Lesbian walk: A assisted reproduction for all

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Sunday April 25, a “PMA for all” march took place from Châtelet to the Republic. The day before, we celebrated “Lesbian Visibility Day”.

It was for the first time a march for lesbian visibility. The slogan was “Fight against the invisibility of homosexuals and demand access for all to medically assisted procreation (MAP)”. However, in the 1970s, the group of “radical lesbians of Jussieu” had launched the idea. In the United States, the first documented lesbian walk dates back to 1981

Parisian event

In Paris, the “Les Collages lesbiens” coordination was at the initiative of the event. The number of participants far exceeded the expected 500. A group of single-sex lesbians led the procession. All those who wished to provide their support followed, including processions of racialized and trans lesbians, to combine the struggles against racism, transphobia and lesbophobia.

In Lyon, Marseille, Bordeaux or Toulouse, other processions completed the Parisian March.

The procession, which left at 2 pm in a festive atmosphere, brought together 10,000 people (4,400 for the Prefecture). It hosted personalities including director Céline Sciamma, actress Adèle Haenel and elected Parisian environmentalist and lesbian activist Alice Coffin. For the latter, the event a “translation into manifestation” of the rise of the lesbian movement in recent years.

The participants demanded free access to assisted reproduction for all. Indeed, in February the Senate rejected the extension of the assisted reproduction to single women and female couples.

The crowd resumed slogans throughout the march. We heard:

“Free assisted reproduction is not negotiable for everyone.”
“Macron hypocrite, lesbians go to Belgium!”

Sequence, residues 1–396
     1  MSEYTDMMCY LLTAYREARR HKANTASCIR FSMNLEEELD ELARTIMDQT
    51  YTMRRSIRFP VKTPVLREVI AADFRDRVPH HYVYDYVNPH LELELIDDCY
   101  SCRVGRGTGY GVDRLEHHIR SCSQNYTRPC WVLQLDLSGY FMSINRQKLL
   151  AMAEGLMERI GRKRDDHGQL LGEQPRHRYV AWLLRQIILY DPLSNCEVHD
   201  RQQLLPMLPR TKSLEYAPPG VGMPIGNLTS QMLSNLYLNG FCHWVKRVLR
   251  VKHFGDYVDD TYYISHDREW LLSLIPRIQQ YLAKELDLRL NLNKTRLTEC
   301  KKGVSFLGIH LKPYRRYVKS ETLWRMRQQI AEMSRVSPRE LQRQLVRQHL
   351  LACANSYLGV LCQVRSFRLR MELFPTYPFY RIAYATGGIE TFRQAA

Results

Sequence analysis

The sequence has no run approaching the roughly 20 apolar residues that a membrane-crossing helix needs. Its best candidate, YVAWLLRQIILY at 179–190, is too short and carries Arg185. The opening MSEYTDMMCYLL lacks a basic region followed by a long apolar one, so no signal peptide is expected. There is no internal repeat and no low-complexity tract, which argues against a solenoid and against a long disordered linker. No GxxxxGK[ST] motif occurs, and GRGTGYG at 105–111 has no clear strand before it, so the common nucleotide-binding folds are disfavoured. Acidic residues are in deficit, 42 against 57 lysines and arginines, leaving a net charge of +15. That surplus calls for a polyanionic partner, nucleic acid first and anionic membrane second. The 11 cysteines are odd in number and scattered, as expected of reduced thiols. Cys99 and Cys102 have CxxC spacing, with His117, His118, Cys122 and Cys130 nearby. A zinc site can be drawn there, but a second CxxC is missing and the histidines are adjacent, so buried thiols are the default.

“It is not negotiable the PMA, free, now.”

On the signs, mixed with the rainbow flags, we could read:

“Muslim and proud lesbians”.
“Feminism is theory, lesbianism is practice.”
“Lesbians against transphobia”.
“PMA: My body, My choice, My family”.
“I didn’t choose, but God, Thank you!”
Review of the law

The activists denounced a cheap law and the lesbian word completely absent from the debates around the bioethics law.

Emmanuel Macron had promised the opening of the PMA to all women, in the bioethics bill. This has been postponed several times. In addition, the health crisis has upset the parliamentary agenda for 2020 and froze the examination of parliamentary law.

The National Assembly voted for this flagship measure of the bill at second reading in the National Assembly in July 2020. But in February, the Senate adopted the text without opening the PMA to female couples and single women. . Following this rejection, the activists occupied the square of the Assembly. For the moment, there is no date officially fixed for the third passage of the text in front of the Palais Bourbon.

The revendications

The coordination of Les Collages Lesbiens is part of the “colleurs (euses)” movement. They date from the end of 2020 and are now several hundred sticking messages on the walls. Members reclaim a reserved public discourse, just like men, heterosexuals, whites. A way for lesbians to no longer be invisible They take back the space of speech and invade it with lesbian pride.

This year, the main demand is access to assisted reproduction for lesbian couples, just like heterosexual couples. This applies to anonymity, free and reimbursement but also to the possibility of donating his oocytes to his partner thanks to the ROPA method (the sharing of the In Vitro Fertilization process between the two mothers).

Since 2012 and until today, governments have proposed and rejected ART for all. This shows a certain denial of the needs of lesbians. The virtual absence of political and media debates that concern them and their families is proof of this.

Today, France only authorizes 2 techniques for ART: in vitro fertilization (IVF) and artificial insemination, but only for heterosexual couples. After the refusal of the Senate in the second pass, a joint committee, made up of deputies and senators, could find a compromise. According to calculations by the APGL (Association of Gay and Lesbian Parents and Future Parents) inseminations could not begin in France until 2022, between parliamentary shuttles and waiting lists for LDCs. Otherwise, this reform could not be promulgated until the end of the five-year term since it would still require a reading in each chamber and a final reading in the Assembly.

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